Lived with fiance for 8 months. Not on lease. What are my rights as of coming to get my property and dog

UPDATED: Oct 1, 2022

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Lived with fiance for 8 months. Not on lease. What are my rights as of coming to get my property and dog

Legal rights to getting my property and dog
when i leave fiance of 8 months whe.n i am not
on lease

Asked on May 27, 2018 under Real Estate Law, Texas


SJZ, Member, New York Bar / FreeAdvice Contributing Attorney

Answered 4 years ago | Contributor

You have the right to your property and dog: being on the lease has *nothing* to do with your right to your own belongings and pet. However, if you have since left the home you cannot simply enter it to take your belongings (if you no longer live there, entering and taking things would be breaking-and-entering, even if you claim that you only took your own belongings); even if you could, that would be inadvisable given the domestic violence. You need to file a kind of expedited (fast) legal action in court to get a court order returning your possessions and dog to you--if the fiance will not comply, the sheriff can enforce the order and help you get your belongings. This type of legal action is commonly called an action for "distraint," though your state may have a different name for it. Ideally, retain an attorney to help you (which will also help "insulate" you from direct contact with your fiance); if you cannot afford a lawyer or wish to do this yourself as your own attorney ("pro se"), you can go to the county court's customer service or clerk's office and should be able to get forms and instructions, or could likely locate this information on the court's website.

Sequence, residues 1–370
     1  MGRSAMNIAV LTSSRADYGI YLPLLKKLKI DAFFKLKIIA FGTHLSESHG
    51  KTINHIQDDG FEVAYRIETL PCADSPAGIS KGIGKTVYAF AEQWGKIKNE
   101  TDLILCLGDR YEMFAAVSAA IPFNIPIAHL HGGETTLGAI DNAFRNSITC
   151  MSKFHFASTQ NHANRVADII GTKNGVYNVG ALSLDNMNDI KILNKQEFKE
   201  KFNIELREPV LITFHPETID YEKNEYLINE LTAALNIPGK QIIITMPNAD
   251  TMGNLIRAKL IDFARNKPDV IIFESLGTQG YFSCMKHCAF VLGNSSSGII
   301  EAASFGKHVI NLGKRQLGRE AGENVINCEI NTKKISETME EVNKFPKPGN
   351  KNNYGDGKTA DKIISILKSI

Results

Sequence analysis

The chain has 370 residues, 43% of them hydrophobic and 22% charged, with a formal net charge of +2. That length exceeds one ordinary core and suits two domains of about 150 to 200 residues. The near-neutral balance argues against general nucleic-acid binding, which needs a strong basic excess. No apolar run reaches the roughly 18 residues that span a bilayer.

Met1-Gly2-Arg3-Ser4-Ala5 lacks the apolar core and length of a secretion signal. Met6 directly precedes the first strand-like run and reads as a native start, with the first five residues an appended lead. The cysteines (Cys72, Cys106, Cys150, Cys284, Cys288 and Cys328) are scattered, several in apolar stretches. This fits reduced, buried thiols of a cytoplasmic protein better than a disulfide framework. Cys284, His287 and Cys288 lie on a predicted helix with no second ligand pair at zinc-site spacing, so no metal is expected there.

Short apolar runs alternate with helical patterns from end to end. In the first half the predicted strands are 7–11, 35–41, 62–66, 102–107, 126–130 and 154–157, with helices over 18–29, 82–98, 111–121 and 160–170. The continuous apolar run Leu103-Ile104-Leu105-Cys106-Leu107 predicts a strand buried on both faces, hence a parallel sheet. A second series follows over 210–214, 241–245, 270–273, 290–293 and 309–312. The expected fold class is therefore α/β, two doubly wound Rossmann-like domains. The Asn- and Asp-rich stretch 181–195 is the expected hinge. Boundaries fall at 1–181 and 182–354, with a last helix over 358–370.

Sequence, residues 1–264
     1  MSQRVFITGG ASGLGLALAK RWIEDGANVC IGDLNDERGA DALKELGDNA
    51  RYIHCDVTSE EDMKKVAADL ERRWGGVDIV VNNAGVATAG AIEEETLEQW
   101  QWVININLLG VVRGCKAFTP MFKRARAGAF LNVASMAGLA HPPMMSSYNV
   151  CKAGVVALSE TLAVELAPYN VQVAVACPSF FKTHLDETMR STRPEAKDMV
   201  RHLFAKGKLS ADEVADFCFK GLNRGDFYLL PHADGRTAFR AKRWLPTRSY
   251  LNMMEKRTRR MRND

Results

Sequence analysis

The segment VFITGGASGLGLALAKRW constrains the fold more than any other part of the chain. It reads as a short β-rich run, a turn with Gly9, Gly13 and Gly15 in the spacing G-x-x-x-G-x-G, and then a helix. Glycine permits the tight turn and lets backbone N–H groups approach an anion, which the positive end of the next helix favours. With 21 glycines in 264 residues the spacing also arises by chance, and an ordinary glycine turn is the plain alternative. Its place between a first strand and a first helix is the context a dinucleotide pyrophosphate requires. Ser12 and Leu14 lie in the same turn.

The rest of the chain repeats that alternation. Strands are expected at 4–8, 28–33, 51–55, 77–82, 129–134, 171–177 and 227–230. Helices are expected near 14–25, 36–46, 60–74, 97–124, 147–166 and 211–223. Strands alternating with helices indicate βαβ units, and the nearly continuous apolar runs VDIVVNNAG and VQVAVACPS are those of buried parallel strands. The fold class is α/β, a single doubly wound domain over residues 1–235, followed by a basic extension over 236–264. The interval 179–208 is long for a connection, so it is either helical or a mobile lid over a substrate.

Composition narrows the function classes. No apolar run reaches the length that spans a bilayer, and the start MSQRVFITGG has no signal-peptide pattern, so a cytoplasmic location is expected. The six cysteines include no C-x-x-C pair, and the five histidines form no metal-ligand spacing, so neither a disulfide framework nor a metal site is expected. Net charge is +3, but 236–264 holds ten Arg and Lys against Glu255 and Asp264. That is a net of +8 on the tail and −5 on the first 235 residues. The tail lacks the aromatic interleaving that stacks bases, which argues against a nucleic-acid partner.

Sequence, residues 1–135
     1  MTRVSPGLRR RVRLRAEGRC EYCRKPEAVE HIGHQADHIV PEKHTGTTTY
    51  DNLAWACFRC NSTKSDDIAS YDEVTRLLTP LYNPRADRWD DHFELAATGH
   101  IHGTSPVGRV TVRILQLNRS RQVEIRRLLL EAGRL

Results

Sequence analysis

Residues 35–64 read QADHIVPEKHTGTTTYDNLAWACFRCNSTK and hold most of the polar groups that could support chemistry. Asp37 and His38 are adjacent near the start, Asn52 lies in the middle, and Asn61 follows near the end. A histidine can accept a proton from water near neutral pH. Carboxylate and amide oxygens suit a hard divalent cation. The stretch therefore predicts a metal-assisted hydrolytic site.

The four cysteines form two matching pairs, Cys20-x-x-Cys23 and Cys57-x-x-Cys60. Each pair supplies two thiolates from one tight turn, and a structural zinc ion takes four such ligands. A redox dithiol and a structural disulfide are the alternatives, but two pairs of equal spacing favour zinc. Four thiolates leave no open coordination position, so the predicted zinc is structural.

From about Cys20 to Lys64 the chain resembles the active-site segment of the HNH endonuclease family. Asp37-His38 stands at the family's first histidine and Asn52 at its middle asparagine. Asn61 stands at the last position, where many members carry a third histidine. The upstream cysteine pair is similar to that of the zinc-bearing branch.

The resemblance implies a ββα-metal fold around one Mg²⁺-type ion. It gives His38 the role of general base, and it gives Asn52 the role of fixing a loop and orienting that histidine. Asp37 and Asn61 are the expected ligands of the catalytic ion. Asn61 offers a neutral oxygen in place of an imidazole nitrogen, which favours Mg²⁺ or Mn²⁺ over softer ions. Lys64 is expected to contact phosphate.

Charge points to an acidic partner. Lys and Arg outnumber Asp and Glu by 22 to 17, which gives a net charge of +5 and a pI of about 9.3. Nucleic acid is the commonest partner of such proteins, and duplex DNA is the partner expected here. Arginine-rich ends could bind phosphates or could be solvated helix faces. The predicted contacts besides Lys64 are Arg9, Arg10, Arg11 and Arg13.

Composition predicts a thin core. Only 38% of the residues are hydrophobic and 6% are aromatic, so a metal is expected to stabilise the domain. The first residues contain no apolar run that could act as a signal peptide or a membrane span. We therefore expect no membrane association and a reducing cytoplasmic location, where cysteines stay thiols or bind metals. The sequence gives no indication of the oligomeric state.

IMPORTANT NOTICE: The Answer(s) provided above are for general information only. The attorney providing the answer was not serving as the attorney for the person submitting the question or in any attorney-client relationship with such person. Laws may vary from state to state, and sometimes change. Tiny variations in the facts, or a fact not set forth in a question, often can change a legal outcome or an attorney's conclusion. Although has verified the attorney was admitted to practice law in at least one jurisdiction, he or she may not be authorized to practice law in the jurisdiction referred to in the question, nor is he or she necessarily experienced in the area of the law involved. Unlike the information in the Answer(s) above, upon which you should NOT rely, for personal advice you can rely upon we suggest you retain an attorney to represent you.

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